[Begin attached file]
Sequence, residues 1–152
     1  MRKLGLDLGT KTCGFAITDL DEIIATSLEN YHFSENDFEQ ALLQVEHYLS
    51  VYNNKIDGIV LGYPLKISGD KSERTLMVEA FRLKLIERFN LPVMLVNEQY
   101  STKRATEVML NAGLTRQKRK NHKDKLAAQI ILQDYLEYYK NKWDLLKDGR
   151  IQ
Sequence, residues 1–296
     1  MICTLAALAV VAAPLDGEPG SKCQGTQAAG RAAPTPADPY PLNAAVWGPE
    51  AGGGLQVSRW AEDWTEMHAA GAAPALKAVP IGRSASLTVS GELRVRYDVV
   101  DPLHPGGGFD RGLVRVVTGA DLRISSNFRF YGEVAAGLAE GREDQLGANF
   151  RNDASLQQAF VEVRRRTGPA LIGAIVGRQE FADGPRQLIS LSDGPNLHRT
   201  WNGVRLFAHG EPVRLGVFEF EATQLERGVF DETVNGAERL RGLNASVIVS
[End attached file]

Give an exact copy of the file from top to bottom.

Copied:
Sequence, residues 1–152
     1  MRKLGLDLGT KTCGFAITDL DEIIATSLEN YHFSENDFEQ ALLQVEHYLS
    51  VYNNKIDGIV LGYPLKISGD KSERTLMVEA FRLKLIERFN LPVMLVNEQY
   101  STKRATEVML NAGLTRQKRK NHKDKLAAQI ILQDYLEYYK NKWDLLKDGR
   151  IQ
Sequence, residues 1–296
     1  MICTLAALAV VAAPLDGEPG SKCQGTQAAG RAAPTPADPY PLNAAVWGPE
    51  AGGGLQVSRW AEDWTEMHAA GAAPALKAVP IGRSASLTVS GELRVRYDVV
   101  DPLHPGGGFD RGLVRVVTGA DLRISSNFRF YGEVAAGLAE GREDQLGANF
   151  RNDASLQQAF VEVRRRTGPA LIGAIVGRQE FADGPRQLIS LSDGPNLHRT
   201  WNGVRLFAHG EPVRLGVFEF EATQLERGVF DETVNGAERL RGLNASVIVS